The year during which the 500th anniversary of the death of Leonardo da Vinci is honored all over the world the seems to have revived a general interest for the Italian renaissance. In New York, in particular, there is a unique opportunity to visit two exceptional exhibitions, both opened until January 12th, 2020.
The Frick Collection presents the first-ever exhibition on the Florentine sculptor Bertoldo di Giovanni (ca. 1440–1491), a renowned student of Donatello, a teacher of Michelangelo, and a great favorite of Lorenzo “il Magnifico” de’ Medici, his principal patron. More than twenty statues, reliefs, medals, and statuettes — constituting nearly his entire extant oeuvre — are on view exclusively at the Frick, which houses the only sculptural figure by Bertoldo outside of Europe. The exhibition highlights the ingenuity of the artist’s designs across media, including bronze, wood, and terracotta, and provides the first chance to fully explore longstanding questions of attribution, function, groupings, and intended display. ‘Bertoldo di Giovanni: The Renaissance of Sculpture in Medici Florence’ brings into focus the sculptor’s unique position at the heart of the artistic and political landscape in fifteenth-century Italy.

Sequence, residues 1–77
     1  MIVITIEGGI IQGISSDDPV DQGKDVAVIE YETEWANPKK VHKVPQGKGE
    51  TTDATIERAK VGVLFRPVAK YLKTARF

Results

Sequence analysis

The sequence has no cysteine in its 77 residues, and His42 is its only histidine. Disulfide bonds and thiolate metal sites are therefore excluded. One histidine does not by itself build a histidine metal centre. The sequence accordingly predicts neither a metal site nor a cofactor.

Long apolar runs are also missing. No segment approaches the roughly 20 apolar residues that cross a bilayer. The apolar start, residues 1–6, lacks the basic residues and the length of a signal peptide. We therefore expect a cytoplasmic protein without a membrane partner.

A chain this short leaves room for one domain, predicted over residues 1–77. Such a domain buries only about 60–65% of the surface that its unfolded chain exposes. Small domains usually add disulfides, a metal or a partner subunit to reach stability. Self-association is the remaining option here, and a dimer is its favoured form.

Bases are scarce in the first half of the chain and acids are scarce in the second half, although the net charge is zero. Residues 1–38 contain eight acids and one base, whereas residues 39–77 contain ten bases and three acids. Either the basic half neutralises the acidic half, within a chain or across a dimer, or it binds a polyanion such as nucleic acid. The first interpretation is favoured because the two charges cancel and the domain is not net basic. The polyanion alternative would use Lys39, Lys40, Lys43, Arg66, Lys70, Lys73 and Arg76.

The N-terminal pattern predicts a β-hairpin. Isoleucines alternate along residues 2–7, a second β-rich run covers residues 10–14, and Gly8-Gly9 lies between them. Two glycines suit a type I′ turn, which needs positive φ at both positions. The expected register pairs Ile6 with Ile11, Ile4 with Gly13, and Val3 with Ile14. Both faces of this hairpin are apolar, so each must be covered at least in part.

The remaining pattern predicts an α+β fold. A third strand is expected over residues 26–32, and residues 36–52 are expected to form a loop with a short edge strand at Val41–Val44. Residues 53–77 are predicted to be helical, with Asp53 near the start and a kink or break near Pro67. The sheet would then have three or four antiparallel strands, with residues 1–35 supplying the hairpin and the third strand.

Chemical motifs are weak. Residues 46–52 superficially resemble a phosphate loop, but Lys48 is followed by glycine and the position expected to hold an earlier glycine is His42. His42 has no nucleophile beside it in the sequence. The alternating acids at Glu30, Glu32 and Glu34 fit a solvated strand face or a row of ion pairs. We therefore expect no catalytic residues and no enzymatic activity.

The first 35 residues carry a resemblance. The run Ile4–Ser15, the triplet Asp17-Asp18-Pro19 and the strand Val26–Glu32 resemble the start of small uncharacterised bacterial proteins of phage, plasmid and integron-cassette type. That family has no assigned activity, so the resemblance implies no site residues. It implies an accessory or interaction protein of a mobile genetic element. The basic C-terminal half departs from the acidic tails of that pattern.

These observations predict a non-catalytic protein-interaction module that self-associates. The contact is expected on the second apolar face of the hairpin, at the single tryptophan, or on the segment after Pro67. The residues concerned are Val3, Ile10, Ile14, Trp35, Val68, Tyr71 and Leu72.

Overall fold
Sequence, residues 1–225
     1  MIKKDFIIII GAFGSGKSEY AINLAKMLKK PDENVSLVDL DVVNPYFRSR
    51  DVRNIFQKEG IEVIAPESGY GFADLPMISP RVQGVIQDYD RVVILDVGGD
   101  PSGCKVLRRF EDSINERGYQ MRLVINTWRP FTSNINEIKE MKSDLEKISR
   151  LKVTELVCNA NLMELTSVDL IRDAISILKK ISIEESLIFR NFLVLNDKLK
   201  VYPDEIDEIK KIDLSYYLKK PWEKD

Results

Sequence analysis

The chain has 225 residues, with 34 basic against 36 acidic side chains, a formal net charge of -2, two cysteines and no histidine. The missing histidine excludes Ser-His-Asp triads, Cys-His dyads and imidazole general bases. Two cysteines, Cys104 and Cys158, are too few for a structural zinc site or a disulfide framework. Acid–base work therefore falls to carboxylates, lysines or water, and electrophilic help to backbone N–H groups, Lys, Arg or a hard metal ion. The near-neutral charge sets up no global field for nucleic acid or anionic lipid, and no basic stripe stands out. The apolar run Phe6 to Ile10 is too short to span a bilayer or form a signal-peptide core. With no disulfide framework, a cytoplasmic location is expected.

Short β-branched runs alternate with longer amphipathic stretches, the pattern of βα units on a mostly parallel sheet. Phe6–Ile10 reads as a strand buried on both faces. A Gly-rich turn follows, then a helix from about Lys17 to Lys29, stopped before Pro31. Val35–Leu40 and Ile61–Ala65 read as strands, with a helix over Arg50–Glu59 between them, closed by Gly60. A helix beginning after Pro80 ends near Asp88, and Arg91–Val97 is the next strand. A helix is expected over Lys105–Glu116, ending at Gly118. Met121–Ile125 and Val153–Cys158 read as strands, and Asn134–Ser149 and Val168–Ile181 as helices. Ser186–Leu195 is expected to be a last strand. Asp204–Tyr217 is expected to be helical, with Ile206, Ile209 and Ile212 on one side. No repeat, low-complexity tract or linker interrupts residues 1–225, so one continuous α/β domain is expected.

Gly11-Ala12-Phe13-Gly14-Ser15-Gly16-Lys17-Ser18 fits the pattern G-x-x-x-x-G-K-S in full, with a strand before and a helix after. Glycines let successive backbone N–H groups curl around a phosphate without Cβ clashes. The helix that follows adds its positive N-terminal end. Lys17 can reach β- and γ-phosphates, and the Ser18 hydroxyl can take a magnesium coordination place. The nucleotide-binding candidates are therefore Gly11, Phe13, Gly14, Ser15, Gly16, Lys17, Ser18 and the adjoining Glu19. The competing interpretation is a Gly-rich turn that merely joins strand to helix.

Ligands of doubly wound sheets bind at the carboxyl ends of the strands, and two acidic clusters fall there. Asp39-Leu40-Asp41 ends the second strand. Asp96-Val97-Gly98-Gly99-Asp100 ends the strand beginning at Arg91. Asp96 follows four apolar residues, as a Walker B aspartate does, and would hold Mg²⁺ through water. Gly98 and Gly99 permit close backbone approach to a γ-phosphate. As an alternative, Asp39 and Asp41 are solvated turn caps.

At the same time, the National Gallery of Art presents ‘Verrocchio: Sculptor and Painter of Renaissance Florence‘, the first-ever monographic exhibition in the United States on Andrea del Verrocchio (ca. 1435–1488), the innovative artist, painter, sculptor, and teacher whose pupils included Leonardo da Vinci, Pietro Perugino, and likely Sandro Botticelli as well. The exhibition examines the wealth and breadth of Verrocchio’s extraordinary artistry by bringing together some 50 of his masterpieces in painting, sculpture, and drawing that allow viewers to appreciate how his work in each art form stimulated creativity in the others.
GALLERY- Verrocchio: Sculptor and Painter of Renaissance Florence
Photos provided by the National Gallery